Book review: The Winter Soldier — by Daniel Mason
(Little, Brown and Company)
As a child, Lucius Krzelewski, Vienna-bred son of a decorated Polish lancer and his clever and socially ambitious wife, holds “a stone in his pocket as a reminder to smile.” He stutters, but not “when he was alone, nor when he spoke of his science magazines.” And later, when in medical school, a great anatomist declares his “unusual aptitude for the perception of things beneath the skin,” Lucius knows he has found his calling. Two years shy of his becoming an actual doctor, though, the Great War calls him to a field hospital deep in the Polish countryside, very near the front. There, in a village church, he learns from Nurse Margarete — a Sister of Saint Catherine, or so she tells him — how to amputate limbs, forage for food when provisions run out, and to be at ease in her company. At first, theirs is a chaste bond, but as the emotional tolls mount with shared exposure to suffering and brutality, so too does their attraction to one another, forbidden though it may seem. Alas, as the war brings them together, it too tears them apart, and the second half of the novel is Lucius’s desperate search for Margarete. “The Winter Soldier” is a deeply moving novel with a propulsive plot, one I know will touch many readers.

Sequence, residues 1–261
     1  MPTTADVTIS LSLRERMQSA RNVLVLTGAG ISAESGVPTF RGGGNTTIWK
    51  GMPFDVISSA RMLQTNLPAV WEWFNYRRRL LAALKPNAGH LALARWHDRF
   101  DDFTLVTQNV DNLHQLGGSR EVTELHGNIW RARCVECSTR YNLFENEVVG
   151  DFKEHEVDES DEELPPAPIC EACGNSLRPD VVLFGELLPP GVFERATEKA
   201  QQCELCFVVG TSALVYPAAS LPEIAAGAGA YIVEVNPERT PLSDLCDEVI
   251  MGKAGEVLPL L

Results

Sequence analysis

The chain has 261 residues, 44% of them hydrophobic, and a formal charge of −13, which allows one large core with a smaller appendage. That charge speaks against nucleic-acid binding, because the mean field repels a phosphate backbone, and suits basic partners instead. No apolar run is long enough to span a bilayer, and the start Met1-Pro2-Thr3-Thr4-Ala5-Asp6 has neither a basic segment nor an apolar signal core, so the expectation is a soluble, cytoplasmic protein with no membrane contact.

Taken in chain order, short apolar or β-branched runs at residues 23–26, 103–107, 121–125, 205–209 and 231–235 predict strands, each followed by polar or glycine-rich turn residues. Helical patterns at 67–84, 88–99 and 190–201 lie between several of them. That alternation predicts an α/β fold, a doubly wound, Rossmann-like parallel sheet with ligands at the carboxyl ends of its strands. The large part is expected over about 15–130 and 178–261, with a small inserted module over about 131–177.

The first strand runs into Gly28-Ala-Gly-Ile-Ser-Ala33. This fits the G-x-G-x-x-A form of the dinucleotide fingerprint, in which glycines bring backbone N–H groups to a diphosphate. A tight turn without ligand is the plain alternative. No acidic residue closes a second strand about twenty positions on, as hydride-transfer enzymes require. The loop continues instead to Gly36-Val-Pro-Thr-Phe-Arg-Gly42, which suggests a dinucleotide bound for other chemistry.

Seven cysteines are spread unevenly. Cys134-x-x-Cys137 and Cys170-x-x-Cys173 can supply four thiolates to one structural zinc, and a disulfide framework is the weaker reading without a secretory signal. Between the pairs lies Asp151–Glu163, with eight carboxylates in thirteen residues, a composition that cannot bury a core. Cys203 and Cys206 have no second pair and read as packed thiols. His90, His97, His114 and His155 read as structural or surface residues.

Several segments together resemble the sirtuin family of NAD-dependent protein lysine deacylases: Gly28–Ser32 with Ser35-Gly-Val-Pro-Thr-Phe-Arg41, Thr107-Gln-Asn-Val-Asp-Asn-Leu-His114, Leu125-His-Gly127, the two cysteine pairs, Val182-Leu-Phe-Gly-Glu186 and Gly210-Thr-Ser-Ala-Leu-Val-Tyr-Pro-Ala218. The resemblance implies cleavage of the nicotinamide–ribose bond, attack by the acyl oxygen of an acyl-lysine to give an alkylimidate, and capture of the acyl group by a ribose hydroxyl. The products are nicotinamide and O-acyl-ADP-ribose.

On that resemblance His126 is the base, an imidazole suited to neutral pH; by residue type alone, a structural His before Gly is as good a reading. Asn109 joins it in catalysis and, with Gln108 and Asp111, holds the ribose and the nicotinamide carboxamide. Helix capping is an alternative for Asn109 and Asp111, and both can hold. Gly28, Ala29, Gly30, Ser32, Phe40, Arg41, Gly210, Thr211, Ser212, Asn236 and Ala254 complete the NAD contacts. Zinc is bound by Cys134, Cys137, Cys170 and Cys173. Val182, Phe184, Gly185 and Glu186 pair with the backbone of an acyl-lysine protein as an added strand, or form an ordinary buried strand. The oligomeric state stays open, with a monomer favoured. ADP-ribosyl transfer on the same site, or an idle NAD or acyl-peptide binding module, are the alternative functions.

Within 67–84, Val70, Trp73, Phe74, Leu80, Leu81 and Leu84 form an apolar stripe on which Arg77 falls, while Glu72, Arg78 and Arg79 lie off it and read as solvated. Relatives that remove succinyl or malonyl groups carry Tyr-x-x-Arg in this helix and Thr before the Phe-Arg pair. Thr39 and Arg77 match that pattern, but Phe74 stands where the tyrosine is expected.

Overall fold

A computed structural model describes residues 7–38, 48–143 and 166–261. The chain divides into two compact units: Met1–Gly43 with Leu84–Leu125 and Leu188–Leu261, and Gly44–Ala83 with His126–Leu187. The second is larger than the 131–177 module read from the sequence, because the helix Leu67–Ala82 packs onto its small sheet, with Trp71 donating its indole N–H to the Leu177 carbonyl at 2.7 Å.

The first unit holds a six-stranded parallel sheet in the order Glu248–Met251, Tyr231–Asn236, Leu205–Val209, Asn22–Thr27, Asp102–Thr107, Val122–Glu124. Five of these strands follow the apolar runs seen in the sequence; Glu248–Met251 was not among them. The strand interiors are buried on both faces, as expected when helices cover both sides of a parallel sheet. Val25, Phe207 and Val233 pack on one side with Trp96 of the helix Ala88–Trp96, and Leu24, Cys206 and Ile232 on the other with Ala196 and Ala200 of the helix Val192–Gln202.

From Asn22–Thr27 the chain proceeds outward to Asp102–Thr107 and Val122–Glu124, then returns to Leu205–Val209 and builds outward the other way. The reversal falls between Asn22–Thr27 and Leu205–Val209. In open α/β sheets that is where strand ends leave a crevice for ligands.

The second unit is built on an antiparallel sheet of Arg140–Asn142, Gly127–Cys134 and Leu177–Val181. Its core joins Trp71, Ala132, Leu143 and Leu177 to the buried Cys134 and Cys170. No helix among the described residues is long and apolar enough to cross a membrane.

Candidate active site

— Reviewed by Becky Dayton of The Vermont Book Shop in Middlebury.
7 great novels of World War I
The Return of the Soldier, by Rebecca West
A Soldier of the Great War, by Mark Helprin
The Regeneration Trilogy, by Pat Barker
All Quiet On the Western Front, by Erich Maria Remarque
A Farewell to Arms, by Ernest Hemingway
August 1914: A Novel, by Aleksandr Solzhenitsyn
A Long Long Way, by Sebastian Barry
MIDDLEBURY — Bernard D. Kimball, 76, passed away in Bennington Hospital on Jan. 10, 2023. … (read more)
The Fresh Air Fund, initiated in 1877 to give kids from New York City the opportunity to e … (read more)